Trim, trim, and more trim

There are a thousand ways you can use trim to dress up your walls, from traditional chair moldings or classic wainscoting to something a little more unique and future-forward, and you can see just about that many here. Add in a healthy dose of color to create a bold and interesting look.



Perhaps nothing gives you that instant pop like wallpaper. If you really want to make it interesting, choose something with pattern or texture, or both! One more tip: If you have odd angles or walls that aren't the same length, or you're just trying to create a little interest in a boring spot, you don't have to cover the whole thing. A strip may be all you need.

Painted feature wall

Painting a feature wall is a good way to pump up the design in a room, and also to dip a toe into the world of color without letting it take over your whole space. The best part: If you don't love it or you get tired of it quickly, you can paint over it and start fresh with a new hue!

"As soon as you paint this statement wall, THAT will be the new feature of your room," said Hill District Mums. "So forget about your expensive sofa, your brand new quirky rug or the amazing print you ordered online. Are you ready to make them the second most important things in the room? A feature wall is bigger than all the other pieces in a room. It is at your eye-level and normally a color that catches your eye."

Rustic reclaimed wood

Love the reclaimed look but don't have a barn handy? Or maybe you don't want to go to the hassle of picking out and purchasing wood, and especially having it installed. Artis Wall might have just solved your problem. This easily installed and removable product can help you create an accent wall in no time, with tacky strips that you simply peel off when you're ready for a whole new look.

A gallery wall

Framing family pictures and creating a wall of memories has long been popular. But you can give it a modern twist by having your photos printed on canvas. You choose the size, upload your pics (even from Facebook or Instagram), and pick from filters including black & white and sepia.

Large-scale art

Or maybe a gallery wall isn't for you, no matter what format you use. "Forget the gallery wall. What's hot is statement art," said POPSUGAR. "Large pieces -- over 5 feet -- were searched four times more than small art. These statement pieces, especially tightly cropped scenes, provide designers with the ‘wow' factor they used to seek from an eclectic mix of smaller works."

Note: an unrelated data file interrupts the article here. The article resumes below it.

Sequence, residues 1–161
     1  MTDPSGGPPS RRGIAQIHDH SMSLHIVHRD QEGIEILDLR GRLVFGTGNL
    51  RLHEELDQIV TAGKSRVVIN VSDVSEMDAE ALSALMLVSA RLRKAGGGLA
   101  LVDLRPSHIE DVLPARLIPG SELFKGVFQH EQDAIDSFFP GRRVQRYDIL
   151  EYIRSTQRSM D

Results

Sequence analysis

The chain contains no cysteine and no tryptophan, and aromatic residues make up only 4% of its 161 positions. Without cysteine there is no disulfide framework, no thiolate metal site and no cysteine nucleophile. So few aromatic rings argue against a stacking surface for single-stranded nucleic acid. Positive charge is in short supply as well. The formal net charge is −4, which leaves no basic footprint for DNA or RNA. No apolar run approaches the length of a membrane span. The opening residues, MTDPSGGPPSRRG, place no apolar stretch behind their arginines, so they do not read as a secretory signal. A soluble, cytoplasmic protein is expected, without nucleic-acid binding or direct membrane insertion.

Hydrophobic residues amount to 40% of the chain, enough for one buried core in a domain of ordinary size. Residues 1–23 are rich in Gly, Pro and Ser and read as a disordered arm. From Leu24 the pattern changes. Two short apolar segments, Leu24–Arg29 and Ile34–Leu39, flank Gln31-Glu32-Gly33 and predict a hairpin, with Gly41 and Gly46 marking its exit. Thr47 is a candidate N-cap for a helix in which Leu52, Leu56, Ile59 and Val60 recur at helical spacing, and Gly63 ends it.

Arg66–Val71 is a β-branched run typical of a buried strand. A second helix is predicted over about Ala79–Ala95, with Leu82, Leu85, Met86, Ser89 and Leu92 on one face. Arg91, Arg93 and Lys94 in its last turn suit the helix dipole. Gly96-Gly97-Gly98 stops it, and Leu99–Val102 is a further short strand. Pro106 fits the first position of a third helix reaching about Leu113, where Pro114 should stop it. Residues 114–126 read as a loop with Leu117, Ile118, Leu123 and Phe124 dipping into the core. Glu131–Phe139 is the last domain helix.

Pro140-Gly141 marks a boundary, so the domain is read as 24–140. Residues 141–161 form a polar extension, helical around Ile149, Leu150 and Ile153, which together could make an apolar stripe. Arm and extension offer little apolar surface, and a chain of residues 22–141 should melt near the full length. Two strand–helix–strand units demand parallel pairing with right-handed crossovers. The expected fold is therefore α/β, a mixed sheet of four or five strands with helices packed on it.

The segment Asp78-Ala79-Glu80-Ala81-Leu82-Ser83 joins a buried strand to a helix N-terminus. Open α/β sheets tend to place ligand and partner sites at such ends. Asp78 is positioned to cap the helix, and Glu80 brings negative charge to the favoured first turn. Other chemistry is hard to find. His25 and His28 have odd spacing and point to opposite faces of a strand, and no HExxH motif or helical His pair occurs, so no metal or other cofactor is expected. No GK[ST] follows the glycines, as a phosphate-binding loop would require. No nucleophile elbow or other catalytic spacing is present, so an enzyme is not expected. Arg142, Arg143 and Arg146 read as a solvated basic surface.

Sites like Overstock,, and icanvas, where we found this large-scale abstract from Julian Spencer called, "Rain Clouds," offer an amazing amount of options and often have coupons for substantial discounts on their site (Rain Clouds is available in several different formats and sizes; this one is 40x60 and priced at $261 with a current 55% off promotion).

To read the original article click here. 

Create Big Appeal With Small Kitchens

When it comes to kitchens it often seems like the bigger the better. You need to have an island counter or so much cabinet space. In the real world, this isn't always possible. This article by the staff at Realty Times highlights some small changes you can try to make your little kitchen look bigger and more inviting.

Many people complain about small kitchens but tiny spaces aren't always to be dreaded. If you're selling your home and your kitchen is, well, compact, know that you can find ways to achieve big appeal with a little creativity.

Bring in the light.Sometimes small kitchens can be dark, making them feel even smaller. But if you remove the curtains from any windows in your small kitchen, it'll let light in and open up the area. Instead of curtains, you can use small blinds that are recessed inside the frame of the window. These are easy to clean and still provide some privacy even when the blinds are open.

De-Clutter the counter tops and the walls.Most people have a tendency to let kitchen clutter build up on the counter tops and walls. Removing items from the counters, kitchen table, and even off the walls will make the space feel bigger. Yes, I know these items on the counters are useful but when you're selling your home, a little inconvenience may help you receive a higher offer and you'll probably agree, that's worth it! Take the appliances and either store them in the kitchen cabinets or, if there isn't enough room, pack them up. You're moving soon, anyway.

Clearing off photos and miscellaneous papers that are stuck on your refrigerator door or kitchen walls will also help make your kitchen look bigger. If you're tight for space, mounted storage units can be added to your kitchen walls to free up limited counter-top space. But again, too many storage units, even the decorative kind, will give people a feeling like the walls are closing in on them. The same goes for hanging pot racks from the ceiling. Be sure to leave some open wall space and to use storage units that aren't completely solid. The open units, if the shelves aren't stuffed, will give a less closed-in feeling.

Opt for lighter and brighter wall color.Going with lighter colors tends to open up a room. Light and bright colors are also very inviting and friendly, making them a perfect choice for the kitchen. You can use a darker accent trim to create some contrast. You can also use decorations including floral arrangements or even some colorful kitchen appliances to add spice to the kitchen. 

Wall-mounted appliances and reduced counter-top depth.Wall-mounted or under-the-cabinets-mounted appliances can save valuable kitchen counter-top space. You might even have a way to wall-mount your kitchen faucet. In one small home design, the faucet was mounted to the wall, creating a very distinctive look. The counter-top was a standard 24 inches deep but elsewhere the counter-top was reduced just slightly down to 21 inches–very subtle and hardly noticeable but it allowed more floor space in a tiny kitchen.Small kitchens don't have to be an eyesore. Some even prefer less space because there's less to clean. If you know the audience you're marketing your home to, you can play up the home's best features–including, perhaps, a small, quaint, and simple kitchen.

To read the original article click here.

September Area Events

We all know what September means. School buses back on the road, cooler weather, and lots of great events on their way to the Waterbury, Stowe, and Burlington area! Don't believe us? Here are just a few: